Thursday 23 January 2020

Editorial: 'Unity must wait until we've got our priorities straight'

'Being "united" is not something that happens with the ticking of a box.' Stock photo: Depositphotos


With the last Christmas cracker snapped it just wouldn't be the season of goodwill without an old-fashioned family free-for-all.

Once the subject of a united Ireland is mentioned you can expect a goodly share of kinship to go up in smoke along with the blue flame over the plum pudding.

The ghosts of Christmases past come marching back to the beats of different drums.

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Fianna Fáil leader Micheál Martin tried to bring some clarity as to where his party stood, saying there would be no vote for Irish unity during his duration in office should he become Taoiseach.

A united Ireland is a legitimate aspiration. But the idea that the mere holding of a vote on the issue would somehow dissolve all differences between loyalists and nationalists is fatuous.

When Thomas Francis Meagher first flew his Tricolour over the Mall in Waterford in 1848, he gave parity of esteem to both traditions in its proportions and he had the wisdom and ingenuity to allow an appropriate space between.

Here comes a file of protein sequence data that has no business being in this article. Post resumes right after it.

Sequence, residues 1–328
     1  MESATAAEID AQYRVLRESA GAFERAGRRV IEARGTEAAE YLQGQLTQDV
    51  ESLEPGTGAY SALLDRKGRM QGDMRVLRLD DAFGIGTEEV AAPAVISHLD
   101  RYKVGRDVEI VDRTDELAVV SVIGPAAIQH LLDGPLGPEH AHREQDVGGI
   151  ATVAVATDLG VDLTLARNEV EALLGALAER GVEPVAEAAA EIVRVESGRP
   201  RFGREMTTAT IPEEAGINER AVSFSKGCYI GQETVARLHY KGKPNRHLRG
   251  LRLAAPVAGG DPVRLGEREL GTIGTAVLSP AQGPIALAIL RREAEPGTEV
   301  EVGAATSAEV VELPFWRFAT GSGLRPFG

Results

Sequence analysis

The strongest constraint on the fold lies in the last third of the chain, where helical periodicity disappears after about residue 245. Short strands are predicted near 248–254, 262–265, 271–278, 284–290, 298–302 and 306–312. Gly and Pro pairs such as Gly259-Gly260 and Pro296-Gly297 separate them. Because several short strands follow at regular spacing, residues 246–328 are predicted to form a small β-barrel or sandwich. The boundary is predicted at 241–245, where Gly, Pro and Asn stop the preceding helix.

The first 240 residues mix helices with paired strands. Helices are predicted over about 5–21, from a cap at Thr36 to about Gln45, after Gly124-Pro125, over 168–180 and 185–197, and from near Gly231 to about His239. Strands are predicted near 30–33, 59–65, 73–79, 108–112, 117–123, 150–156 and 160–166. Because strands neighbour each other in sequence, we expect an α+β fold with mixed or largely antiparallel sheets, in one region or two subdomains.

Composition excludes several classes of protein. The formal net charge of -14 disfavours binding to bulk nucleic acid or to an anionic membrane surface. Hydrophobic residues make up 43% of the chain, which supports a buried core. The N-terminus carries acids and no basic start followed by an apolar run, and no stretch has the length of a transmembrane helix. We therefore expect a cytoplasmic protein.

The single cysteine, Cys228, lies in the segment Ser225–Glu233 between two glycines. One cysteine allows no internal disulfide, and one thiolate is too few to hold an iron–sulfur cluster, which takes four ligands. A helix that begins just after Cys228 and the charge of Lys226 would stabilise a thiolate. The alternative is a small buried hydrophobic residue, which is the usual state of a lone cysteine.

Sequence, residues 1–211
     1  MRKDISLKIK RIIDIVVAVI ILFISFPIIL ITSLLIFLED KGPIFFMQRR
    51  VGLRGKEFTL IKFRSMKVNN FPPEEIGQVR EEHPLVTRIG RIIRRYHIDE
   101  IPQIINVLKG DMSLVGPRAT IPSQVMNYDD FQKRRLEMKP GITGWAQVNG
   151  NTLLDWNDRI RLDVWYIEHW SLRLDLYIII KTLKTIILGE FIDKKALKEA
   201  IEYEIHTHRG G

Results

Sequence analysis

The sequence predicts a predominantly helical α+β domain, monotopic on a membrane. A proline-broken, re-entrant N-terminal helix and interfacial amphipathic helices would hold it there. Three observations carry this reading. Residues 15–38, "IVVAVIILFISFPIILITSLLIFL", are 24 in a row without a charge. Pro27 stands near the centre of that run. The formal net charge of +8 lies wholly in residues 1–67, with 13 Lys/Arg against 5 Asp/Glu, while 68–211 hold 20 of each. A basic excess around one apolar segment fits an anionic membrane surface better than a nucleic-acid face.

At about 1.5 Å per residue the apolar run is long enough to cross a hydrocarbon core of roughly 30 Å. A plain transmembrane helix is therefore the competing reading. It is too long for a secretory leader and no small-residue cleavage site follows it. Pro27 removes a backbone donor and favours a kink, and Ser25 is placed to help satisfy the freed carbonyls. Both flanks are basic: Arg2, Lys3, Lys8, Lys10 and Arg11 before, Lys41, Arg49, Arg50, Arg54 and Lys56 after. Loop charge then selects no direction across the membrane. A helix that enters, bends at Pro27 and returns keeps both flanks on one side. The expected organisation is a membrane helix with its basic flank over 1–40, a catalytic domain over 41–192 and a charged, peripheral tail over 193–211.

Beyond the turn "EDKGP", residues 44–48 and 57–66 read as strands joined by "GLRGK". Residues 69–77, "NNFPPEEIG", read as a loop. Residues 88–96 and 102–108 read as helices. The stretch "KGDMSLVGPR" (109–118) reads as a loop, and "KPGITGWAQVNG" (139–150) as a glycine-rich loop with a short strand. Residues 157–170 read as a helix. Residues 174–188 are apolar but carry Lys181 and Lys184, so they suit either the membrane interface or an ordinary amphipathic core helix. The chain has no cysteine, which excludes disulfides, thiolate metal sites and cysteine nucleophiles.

He commented: "I trust that beneath its folds the hand of the protestant and the Irish Catholic may be clasped in generous and heroic friendship."

Since then, if those hands were clasped it was more often in the form of clenched fists.

Yes, we have come closer to narrowing the space between, but being "united" is not something that happens with the ticking of a box.

Trust, agreement, common ground and equality all need to be established first.

That is the real challenge for political leaders as opposed to mere opportunists.

The behaviour of the leading political parties in the North over the past three years shows how ill-prepared they are for any true meeting of hearts and minds.

This is big picture politics beyond the ghetto.

So far that degree of vision has been limited by tribal myopia. You cannot force harmony or coerce unity on a people.

The Good Friday Agreement is a route map towards a consensual sharing of power, but it too has been strained by one side or another striving to get the upper hand.

The politicisation of cultural issues and polarisation of public debate have driven sides further apart. In the North the political infrastructure is crumbling due to neglect.

In the south, urgent priorities also need addressing. As Mr Martin also noted there will be an implosion in our society if we don't deal with the housing challenge.

Young adults are being robbed of their autonomy in not being able to have a home; at the other end of the spectrum, elderly people are cheated of their dignity and security. Alone warns us this Christmas more aged clients than ever before are presenting seeking help having become homeless because of high rents.

North and south, we need to get our priorities straight first. Stampedes generally lose direction; what is important gets shunted aside in the ill-advised rush to achieve the ill-considered.

Irish Independent

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